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Geisinger becomes the first member of Risant Health

Good habits for a healthier, happier life.

By: Dr. Lisa Bailey-Davis, associate director of Geisinger’s obesity research institute

As a parent, you’re your child’s role model and teacher.

By modeling healthy lifestyle habits — like eating a balanced diet, moving your body and getting adequate rest — your child is more likely to build those positive habits, too.

And the benefits are obvious. Healthy habits help your child maintain a healthy weight, build positive mental health and reduce their risk for future health problems, such as diabetes, high blood pressure and heart disease.

Start building healthy habits today

Developing healthy habits when your child is young makes it easier for them to stick with them. But if you haven’t already, or you’re ready to make a change, there’s no better time to start than now.

Try working these habits into your lives — and enjoy the lifelong benefits:

1. Eat colorful fruits and vegetables.

Make eating fun (and healthy) by working in a variety of colorful fruits and vegetables to meals and snacks, especially those that are dark green, orange, yellow and red.

As a rule of thumb, try to fill half of your plate with fruits and vegetables at meals. Cut up fruits and vegetables also make an easy snack for your child to grab on-the-go.

Whether you choose fresh, canned or frozen — all are healthy choices.

2. Drink water — and limit sugary drinks.

Soda, fruit juice and other sugary drinks are full of empty calories and they’re harmful to your child’s teeth. Instead, encourage them to drink water or fat-free and low-fat dairy products most of the time.

Water too bland? Try adding lemon, lime or cucumber slices to add some refreshing flavor.

3. Enjoy family meals together.

With hectic schedules, it can be hard to sit down and enjoy a meal together every night. But it’s worth the effort. Not only does it give your family some much-needed quality time together, but it can also help you eat more nutritious meals.

Try planning your meals ahead of time and involve your child in menu selection, food shopping and preparation. And focus on establishing a routine for meals with a calm environment — this helps everyone de-stress and eat mindfully.

4. Don’t skip breakfast.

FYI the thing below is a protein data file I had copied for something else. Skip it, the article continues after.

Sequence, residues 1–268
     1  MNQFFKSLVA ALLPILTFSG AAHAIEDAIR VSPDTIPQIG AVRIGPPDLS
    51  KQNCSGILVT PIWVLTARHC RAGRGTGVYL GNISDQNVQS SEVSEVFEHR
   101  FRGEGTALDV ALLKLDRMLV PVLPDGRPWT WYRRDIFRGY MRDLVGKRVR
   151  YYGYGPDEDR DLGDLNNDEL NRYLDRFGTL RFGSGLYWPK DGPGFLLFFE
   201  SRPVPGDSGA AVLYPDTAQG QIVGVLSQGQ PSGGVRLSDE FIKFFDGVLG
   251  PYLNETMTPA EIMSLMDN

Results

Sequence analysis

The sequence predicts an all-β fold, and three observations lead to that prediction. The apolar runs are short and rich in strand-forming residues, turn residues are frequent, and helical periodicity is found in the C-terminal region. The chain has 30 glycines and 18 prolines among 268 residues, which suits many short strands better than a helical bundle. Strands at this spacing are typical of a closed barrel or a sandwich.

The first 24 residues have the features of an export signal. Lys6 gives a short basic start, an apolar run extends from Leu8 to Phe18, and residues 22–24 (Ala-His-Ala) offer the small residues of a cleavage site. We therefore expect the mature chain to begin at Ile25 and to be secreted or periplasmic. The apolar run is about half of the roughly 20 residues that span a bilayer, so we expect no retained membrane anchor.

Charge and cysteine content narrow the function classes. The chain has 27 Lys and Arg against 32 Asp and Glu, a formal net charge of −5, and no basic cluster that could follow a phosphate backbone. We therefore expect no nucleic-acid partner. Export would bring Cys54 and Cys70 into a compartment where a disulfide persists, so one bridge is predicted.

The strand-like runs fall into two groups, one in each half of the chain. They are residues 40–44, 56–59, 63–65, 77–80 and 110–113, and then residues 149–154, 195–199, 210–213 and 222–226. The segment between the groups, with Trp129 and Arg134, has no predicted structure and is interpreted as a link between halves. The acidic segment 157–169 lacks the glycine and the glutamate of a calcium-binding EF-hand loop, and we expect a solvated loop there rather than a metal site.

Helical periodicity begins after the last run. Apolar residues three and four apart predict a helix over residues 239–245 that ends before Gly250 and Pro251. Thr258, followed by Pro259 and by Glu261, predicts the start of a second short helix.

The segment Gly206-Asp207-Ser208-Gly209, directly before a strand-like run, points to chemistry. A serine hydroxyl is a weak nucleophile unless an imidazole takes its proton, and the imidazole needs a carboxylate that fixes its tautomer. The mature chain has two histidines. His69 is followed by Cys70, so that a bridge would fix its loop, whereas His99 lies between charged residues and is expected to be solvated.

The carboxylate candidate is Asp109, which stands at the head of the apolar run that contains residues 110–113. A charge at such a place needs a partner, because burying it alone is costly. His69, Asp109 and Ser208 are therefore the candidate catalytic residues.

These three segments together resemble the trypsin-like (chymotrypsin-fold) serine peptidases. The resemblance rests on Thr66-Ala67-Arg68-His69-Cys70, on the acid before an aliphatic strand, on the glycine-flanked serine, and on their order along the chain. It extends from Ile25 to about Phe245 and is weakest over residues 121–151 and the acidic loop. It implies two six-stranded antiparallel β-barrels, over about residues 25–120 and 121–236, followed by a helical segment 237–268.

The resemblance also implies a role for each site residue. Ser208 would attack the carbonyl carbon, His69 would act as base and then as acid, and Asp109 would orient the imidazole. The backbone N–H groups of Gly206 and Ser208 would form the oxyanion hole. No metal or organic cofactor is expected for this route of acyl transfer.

Eating breakfast gives the body the energy it needs to perform at its best. It’s also been shown to help reduce the risk of chronic diseases, such as diabetes.

When choosing breakfast foods, choose whole foods over processed foods that have extra sugar. Here are some of my favorites:

•    Greek yogurt with strawberries and granola
•    Whole grain toast and nut butter
•    Hard-boiled eggs with whole grain toast and melon 
•    Oatmeal with milk and berries

5. Keep trips to the drive-thru few and far between.

While fast food may be convenient in a pinch, try not to eat it too often. Fast food is packed with sodium, saturated fats and high calories, which can cause weight gain and other health concerns.

If fast food is the only option, try looking for healthier options on the menu. Look for options with lean proteins and vegetables, choose fruits over fries and shy away from those supersized portions.

6. Reward good behavior without food.

Ever offer your child a tasty treat in return for doing something they'd prefer to delay, like cleaning their room? It might seem like a good tradeoff, but it can lead to a habit of eating unhealthy foods as a reward.

Instead, try rewarding your child's good behavior with non-food items, like a new book, toy or play date with a friend. And as a plus, rewarding with non-food items helps establish a healthy relationship with food.

7. Limit screen time.

While technology can enhance our lives with thoughtful use, it’s best to set limits for your child — experts recommend a maximum of just 2 hours per day. And for younger children, those ages 2 to 5, just 1 hour per day.

Instead of screen time, encourage more in-person social interactions (being mindful of COVID-19 precautions), family time, play and exercise.

8. Establish a bedtime routine.

Having a nighttime routine will help your child wind down and get the adequate sleep they need to grow well. Here’s a sample routine: Brush teeth, put on pajamas, turn off televisions and screens, relax and read a book until bedtime. It can be that simple.

Good sleep is essential for everyone, especially your child. School-age children need around 9 to 12 hours of sleep each day, while teens need around 8 to 10 hours.

9. Make physical activity a priority.

Experts recommend that children get at least 1 hour of physical activity each day. Some kids may get this in during recess at school, but if not, try designating time after school for exercise.

Whether it’s going for a walk, riding a bike, playing sports or even dancing in your living room — the focus should be on getting your child moving.

10. Build a positive mindset.

Help your child develop resiliency and healthy self-esteem by praising their good efforts and strengths. And remind them that they’re lovable, capable and important no matter what challenges they face. Good mental health is just as important as physical health.


Next steps:

Bullying in school and beyond: Here's what to do
How to protect your child who can’t get the COVID vaccine yet
Learn about pediatric care at Geisinger

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